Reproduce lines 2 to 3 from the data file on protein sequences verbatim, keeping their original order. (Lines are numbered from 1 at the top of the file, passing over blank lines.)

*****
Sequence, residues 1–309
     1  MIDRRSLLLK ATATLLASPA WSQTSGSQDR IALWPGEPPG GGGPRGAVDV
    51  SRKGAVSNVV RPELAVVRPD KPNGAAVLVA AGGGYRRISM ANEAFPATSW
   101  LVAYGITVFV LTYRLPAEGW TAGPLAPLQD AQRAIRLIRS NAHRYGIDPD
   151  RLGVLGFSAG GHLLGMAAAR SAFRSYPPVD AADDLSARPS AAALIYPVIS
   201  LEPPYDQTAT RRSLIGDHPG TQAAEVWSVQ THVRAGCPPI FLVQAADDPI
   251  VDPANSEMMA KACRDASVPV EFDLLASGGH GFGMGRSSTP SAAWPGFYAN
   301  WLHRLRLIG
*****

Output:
     1  MIDRRSLLLK ATATLLASPA WSQTSGSQDR IALWPGEPPG GGGPRGAVDV
    51  SRKGAVSNVV RPELAVVRPD KPNGAAVLVA AGGGYRRISM ANEAFPATSW